As an Entrepreneur, RISK is required – How much are you willing to risk?

Aysha Cooper is the executive director of an Adult Day Center in Snellville, GA

Entrepreneurs are often categorized as risk takers.  Starting a business involves some level of risk to be taken.  Risk can also mean doing things that can cause harm, such as financial loss.  Fabienne Fredrickson, founder of Boldheart.com says, “Courage is a love affair with the unknown.”  I would like to think of myself as a Conqueror with Courage. In business, there are many times when you must make decisions – decisions that can have either an outcome of harm or enrichment to the business. 

I can remember after nine months of being in business and running out of all the money invested and operational income allotted for startup.  I was faced with a decision to borrow money or let my business fail.  Of course, we chose to borrow just enough to keep the doors open.  We found a micro lender, Access to Capital for Entrepreneurs, that not only provided us $25K but also provided the support, network and educational opportunities to not only keep us in business but play a huge part in our business sustainability and success.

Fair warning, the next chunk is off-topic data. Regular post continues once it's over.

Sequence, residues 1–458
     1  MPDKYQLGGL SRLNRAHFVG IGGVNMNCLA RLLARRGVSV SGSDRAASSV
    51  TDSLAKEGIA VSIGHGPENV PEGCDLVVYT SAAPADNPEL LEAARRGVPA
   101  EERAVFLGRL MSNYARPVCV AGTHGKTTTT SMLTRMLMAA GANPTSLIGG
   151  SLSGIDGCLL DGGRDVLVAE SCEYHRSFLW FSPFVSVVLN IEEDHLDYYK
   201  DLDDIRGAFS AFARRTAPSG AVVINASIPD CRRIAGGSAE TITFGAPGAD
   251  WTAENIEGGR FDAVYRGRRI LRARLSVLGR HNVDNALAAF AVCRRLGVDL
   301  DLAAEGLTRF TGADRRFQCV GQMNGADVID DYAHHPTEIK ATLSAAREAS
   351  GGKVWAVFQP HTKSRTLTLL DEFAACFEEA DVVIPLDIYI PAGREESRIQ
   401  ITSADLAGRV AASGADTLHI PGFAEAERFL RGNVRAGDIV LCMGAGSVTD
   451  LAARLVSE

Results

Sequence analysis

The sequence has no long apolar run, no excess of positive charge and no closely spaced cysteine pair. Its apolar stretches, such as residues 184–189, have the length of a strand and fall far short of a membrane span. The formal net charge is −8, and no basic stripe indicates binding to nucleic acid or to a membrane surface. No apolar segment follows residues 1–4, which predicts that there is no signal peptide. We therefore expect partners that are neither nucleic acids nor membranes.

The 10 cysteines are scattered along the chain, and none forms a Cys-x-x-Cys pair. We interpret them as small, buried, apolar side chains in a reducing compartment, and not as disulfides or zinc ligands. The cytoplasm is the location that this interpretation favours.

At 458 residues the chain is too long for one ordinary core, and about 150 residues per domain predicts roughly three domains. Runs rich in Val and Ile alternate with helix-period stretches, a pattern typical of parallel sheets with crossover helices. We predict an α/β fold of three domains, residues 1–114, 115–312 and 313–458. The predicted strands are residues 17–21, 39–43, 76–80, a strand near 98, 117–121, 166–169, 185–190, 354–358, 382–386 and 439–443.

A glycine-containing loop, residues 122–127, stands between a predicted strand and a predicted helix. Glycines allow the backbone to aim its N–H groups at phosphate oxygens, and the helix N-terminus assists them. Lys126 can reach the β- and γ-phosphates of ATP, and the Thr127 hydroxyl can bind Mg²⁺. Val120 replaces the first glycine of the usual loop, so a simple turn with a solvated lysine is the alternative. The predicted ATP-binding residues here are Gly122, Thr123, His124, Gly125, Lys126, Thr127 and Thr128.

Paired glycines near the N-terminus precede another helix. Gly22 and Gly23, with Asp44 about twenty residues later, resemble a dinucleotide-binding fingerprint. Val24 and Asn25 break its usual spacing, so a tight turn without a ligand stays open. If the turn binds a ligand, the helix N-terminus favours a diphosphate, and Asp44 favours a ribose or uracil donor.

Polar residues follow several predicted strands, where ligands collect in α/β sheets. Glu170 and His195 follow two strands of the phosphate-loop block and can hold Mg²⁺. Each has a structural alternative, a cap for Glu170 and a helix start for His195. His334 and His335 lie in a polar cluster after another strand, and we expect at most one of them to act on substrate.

After three years in business, we ran into yet another obstacle of not reaching the anticipated profit margin.  A non-existent profit margin will not provide the momentum to continue working at a high level of commitment, pace and sacrifice.  Once again, I was faced with deciding to identify the problem and how to best make the correction or walk away from a business and industry that I love.  

I hired an outside firm to provide a financial analysis of what could be implemented to reach our goals.  We identified a problem with our funding mix and our initial price point.  Our cost per attendee and the government funded reimbursement did not cover the cost of providing the service.  To minimize loss, we increased our initial price point and began working to decrease our government funded attendees by 20 percent.  

After implementing the changes to attain a profit, we identified yet one more obstacle.  I was hoping this was our last major hurdle to endure in the capacity of hindering business potential.  We were five years in at this point and reached capacity with attendance.  That capacity was just a few short of our break even.  It was imperative to expand our building size to have the potential of increasing capacity.  In 2015, we doubled in size and are working towards increasing attendance.

How much are YOU willing to risk? Are YOU a Conqueror with Courage?

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